The Job Requirements document given to Ms. Williams by U.S. Steel states, in pertinent part:
U.S. Steel's facilities operate continuously; 24 hours a day, 365 days a year. The Utility Technician position requires you to work rotating shifts. For example, one week you may be required to work from 7:00 AM to 3:00 PM, the next week from 3:00 PM to 11:00 PM, and the following week from11:00 PM to 7:00 AM. This also means that you may be required to work different days of the week each time you rotate shifts. In other words, the days you have off will not be the same every week and you may be required to work Saturdays, Sundays, and holidays
The position also requires you to work mandatory overtime as needed, often with little or no notice.
Last but not least, punctuality and attendance are extremely important to the success of the operations in general as well as contributing to an overall positive team environment.
The standard shifts at U.S. Steel are: 11 p.m. -- 7 a.m.; 7 a.m. -- 3 p.m.; and 3 p.m. -- 11 p.m.
At all relevant times, Ms. Williams was employed and working at U.S. Steel. She remains employed and working at U.S. Steel. And, at all relevant times, Ms. Williams was, and is, a bargaining unit union employee subject to the terms and conditions of employment for union employees governed by a collective bargaining agreement between U.S. Steel and the United Steelworkers Union called the Basic Labor Agreement (BLA).
The BLA provides a three step employee grievance procedure. The BLA also provides for a seniority system used by U.S. Steel when scheduling work shifts. U.S. Steel maintains policies prohibiting discrimination based on, among other
things, religion and gender, as well as a policy prohibiting harassment.
Sometime after Ms. Williams began working at U.S. Steel, she became an active, practicing Seventh Day Adventist. Ms. Williams continues to be an active, practicing Seventh Day Adventist. She sincerely holds to and devoutly practices her religious beliefs. It is important to Ms. Williams, as a Seventh Day Adventist, to observe the Sabbath (Friday sunset through Saturday sunset) which includes that a believer do no work on the Sabbath.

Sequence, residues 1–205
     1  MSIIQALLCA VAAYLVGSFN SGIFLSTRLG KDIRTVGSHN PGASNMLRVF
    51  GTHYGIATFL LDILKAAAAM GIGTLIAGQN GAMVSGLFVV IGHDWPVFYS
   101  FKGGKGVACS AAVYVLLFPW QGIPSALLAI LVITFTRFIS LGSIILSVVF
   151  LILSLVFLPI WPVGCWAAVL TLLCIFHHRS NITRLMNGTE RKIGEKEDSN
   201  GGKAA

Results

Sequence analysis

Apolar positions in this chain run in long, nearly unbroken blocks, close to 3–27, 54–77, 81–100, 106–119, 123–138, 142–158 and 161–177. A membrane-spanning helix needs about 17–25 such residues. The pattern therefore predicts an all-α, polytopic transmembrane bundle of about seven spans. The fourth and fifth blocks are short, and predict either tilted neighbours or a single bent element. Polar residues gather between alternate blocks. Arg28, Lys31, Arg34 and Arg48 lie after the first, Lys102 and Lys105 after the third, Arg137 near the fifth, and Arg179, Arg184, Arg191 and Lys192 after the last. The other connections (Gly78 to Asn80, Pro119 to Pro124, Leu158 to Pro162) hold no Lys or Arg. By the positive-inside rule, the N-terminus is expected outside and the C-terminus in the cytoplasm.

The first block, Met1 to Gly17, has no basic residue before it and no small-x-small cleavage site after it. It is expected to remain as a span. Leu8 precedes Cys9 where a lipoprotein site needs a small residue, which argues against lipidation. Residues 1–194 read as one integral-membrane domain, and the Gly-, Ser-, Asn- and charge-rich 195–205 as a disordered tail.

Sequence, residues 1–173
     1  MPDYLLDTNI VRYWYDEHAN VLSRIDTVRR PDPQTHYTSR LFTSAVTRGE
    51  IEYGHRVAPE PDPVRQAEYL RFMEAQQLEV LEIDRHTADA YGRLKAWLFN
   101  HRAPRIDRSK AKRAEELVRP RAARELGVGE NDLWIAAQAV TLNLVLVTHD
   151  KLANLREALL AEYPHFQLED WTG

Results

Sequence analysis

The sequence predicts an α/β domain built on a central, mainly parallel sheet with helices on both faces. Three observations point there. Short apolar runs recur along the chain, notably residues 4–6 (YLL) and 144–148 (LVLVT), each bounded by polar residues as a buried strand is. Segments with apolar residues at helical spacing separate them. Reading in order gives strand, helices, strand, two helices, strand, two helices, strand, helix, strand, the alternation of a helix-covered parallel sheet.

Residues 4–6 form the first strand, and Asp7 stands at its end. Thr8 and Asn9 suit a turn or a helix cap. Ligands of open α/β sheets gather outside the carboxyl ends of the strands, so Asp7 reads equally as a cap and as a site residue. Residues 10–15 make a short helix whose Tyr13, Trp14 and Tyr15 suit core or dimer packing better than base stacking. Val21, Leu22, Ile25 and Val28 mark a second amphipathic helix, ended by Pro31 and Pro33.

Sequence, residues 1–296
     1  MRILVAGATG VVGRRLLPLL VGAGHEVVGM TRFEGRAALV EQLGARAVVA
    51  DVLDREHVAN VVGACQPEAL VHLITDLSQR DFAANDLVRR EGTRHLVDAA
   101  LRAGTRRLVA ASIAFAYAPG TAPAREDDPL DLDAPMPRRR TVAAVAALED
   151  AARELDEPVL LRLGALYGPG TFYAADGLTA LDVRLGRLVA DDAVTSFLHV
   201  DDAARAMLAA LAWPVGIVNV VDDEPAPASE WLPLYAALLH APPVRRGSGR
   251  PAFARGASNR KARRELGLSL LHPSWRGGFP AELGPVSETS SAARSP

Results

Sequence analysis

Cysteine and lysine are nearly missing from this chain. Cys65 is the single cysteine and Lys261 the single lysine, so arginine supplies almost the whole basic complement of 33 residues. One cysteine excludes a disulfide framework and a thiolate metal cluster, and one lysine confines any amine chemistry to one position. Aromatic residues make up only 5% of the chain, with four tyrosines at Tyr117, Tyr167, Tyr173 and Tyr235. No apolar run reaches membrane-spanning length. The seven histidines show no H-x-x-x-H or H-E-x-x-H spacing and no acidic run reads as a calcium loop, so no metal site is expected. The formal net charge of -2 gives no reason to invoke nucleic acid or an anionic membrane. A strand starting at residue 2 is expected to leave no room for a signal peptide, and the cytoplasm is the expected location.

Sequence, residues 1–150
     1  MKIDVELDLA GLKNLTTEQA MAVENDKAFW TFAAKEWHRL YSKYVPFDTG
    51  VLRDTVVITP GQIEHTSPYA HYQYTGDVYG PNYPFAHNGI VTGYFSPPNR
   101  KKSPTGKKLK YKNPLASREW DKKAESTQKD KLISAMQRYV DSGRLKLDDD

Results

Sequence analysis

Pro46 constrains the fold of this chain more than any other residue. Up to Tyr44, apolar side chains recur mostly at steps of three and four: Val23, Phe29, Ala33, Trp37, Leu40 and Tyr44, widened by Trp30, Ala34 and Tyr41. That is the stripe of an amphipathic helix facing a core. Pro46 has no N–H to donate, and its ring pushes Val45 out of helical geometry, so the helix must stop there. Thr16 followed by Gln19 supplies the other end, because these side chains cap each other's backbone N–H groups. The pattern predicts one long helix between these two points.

Ms. Williams began working in the Pickle Department (" pickling" refers to a process of using acids to clean steel) in early September 2011. Her first request to not work on the Sabbath was made her first or second day at the new position.
Although U.S. Steel has on many weeks scheduled Ms. Williams to work on the Sabbath, she has managed to have never worked on the Sabbath, primarily by trading work shifts with co-workers as well as using sick and vacation days.
As a result of her success at arranging to never work on the Sabbath, Ms. Williams has not experienced discipline by U.S. Steel for not working on a Sabbath aside from once requiring her to take absentee counseling. She has suffered no adverse consequences to her rate of pay nor other terms, conditions, and privileges of employment. She has not been demoted, transferred against her will, or terminated from her employment. Nor did she have her scheduled work hours reduced; she did not lack opportunities for overtime or opportunities to bid on other work positions. Nor were her benefits compromised.
While working in the Tin Department, Ms. Williams signed a bid for a crane operator position in the Pickle Department. She was the successful bidder and was awarded the crane operator position. She started ...